Q: A tank at the outlet of a process upstream is used as the feed tank for a downstream process. The flow into the tank depends on the operation of the upstream process while its outlet flow is set by the operator. The tank typically overflows about once a month and the pump has run dry on occasion. What control strategies should be considered to better control the tank level and avoid these undesirable operating conditions?
Let’s investigate the existing operation before considering modifications. The information given suggests that the inlet flow is not controlled per se but that it is affected by the upstream process and hence, reflective of the stability of the upstream process. It appears that the operator periodically adjusts the outlet flow (to the downstream process) to keep the tank level within reasonable limits. Overflowing the tank and running the pump dry likely occur when the operator does not or cannot properly adjust the outlet flow rate. For all practical purposes, the tank level control is essentially manual.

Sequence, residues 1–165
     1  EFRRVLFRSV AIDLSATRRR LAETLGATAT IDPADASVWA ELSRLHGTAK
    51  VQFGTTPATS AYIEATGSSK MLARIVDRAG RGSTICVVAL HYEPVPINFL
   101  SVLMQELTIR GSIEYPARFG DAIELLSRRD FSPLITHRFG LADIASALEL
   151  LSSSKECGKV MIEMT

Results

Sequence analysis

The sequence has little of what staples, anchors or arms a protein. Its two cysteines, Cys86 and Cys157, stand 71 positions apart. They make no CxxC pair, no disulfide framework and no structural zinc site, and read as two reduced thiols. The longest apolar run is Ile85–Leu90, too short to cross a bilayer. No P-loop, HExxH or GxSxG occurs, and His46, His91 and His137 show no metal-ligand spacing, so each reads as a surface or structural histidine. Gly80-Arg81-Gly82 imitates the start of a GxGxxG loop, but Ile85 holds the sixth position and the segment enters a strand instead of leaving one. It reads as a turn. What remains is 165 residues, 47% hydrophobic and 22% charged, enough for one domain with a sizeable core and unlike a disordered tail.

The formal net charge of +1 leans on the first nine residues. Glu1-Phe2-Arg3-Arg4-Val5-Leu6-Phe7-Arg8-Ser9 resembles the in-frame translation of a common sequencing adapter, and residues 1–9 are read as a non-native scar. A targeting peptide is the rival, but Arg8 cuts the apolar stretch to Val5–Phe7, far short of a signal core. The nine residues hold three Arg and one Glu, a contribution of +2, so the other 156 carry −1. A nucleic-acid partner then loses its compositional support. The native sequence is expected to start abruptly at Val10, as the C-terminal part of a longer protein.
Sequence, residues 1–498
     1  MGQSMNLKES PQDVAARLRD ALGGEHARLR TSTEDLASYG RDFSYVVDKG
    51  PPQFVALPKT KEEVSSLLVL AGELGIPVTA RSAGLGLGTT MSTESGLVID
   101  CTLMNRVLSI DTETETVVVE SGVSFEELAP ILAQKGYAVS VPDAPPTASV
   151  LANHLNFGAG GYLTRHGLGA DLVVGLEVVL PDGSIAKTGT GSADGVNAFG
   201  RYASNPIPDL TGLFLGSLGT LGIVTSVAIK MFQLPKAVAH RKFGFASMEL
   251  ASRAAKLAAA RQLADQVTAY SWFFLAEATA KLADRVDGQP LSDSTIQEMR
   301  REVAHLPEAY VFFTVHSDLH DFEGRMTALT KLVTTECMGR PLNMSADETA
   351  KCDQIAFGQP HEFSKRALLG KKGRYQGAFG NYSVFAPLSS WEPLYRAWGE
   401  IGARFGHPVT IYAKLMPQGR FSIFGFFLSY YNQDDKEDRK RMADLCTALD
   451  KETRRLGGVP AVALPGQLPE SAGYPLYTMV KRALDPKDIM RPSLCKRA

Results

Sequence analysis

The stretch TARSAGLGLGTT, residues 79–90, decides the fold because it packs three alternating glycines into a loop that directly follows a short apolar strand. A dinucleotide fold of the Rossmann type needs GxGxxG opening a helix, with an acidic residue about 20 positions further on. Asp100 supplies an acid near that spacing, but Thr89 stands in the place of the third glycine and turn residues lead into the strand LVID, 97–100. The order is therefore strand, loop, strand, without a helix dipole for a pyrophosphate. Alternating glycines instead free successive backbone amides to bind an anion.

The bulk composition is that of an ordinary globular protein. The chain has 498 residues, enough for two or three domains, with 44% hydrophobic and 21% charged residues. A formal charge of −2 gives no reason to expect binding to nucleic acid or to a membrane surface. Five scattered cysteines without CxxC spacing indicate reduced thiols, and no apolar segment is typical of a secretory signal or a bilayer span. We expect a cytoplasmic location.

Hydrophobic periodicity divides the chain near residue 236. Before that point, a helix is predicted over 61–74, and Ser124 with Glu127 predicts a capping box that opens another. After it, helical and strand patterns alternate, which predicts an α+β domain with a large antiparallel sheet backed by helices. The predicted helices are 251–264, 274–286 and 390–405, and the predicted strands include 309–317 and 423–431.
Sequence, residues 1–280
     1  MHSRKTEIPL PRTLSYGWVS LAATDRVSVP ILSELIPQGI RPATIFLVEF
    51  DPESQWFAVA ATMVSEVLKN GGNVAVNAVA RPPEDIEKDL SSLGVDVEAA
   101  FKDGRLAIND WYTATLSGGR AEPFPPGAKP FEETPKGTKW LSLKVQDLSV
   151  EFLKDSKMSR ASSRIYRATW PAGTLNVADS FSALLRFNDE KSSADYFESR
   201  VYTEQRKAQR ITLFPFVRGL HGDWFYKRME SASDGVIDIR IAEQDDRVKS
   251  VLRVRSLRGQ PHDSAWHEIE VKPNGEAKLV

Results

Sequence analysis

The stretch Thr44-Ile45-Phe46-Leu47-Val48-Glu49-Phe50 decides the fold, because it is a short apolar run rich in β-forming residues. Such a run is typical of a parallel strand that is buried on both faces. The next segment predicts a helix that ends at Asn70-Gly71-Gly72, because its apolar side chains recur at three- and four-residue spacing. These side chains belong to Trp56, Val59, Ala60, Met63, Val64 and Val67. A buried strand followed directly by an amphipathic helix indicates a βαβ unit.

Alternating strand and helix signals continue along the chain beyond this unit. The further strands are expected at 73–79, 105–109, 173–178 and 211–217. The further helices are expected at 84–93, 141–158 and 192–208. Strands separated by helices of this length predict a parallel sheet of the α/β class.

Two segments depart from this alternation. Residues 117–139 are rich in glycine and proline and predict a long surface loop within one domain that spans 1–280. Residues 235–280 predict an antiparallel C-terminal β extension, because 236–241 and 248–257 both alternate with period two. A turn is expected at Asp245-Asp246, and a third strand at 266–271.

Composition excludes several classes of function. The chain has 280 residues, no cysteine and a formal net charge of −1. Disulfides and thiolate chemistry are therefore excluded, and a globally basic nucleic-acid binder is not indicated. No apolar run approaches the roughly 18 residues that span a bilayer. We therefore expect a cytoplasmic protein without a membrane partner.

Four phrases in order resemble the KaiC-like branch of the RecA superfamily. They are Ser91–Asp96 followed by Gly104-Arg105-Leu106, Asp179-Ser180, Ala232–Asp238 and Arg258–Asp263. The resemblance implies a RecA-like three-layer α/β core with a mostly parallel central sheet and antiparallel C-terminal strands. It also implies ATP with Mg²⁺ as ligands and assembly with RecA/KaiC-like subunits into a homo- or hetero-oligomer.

Feedback control of the tank level is desirable to allow the operator to monitor the tank level instead of being its controller. The outlet flow control loop apparently already exists to provide a stable feed flow to the downstream process. Installing a feedback level control loop (Answer B) where the tank level manipulates the existing flow control valve would degrade the now-stable flow to the downstream process. Therefore, cascade tank level control (Answer C) should be considered.
Additional complicating factors
Consideration should also be given to allowing the level to vary somewhat around its setpoint to reduce changes to the outlet flow. After ensuring that the upstream process operates in a stable manner, feedforward control (Answer D) should be considered — especially when the downstream process operates well when its inlet flow is allowed to vary.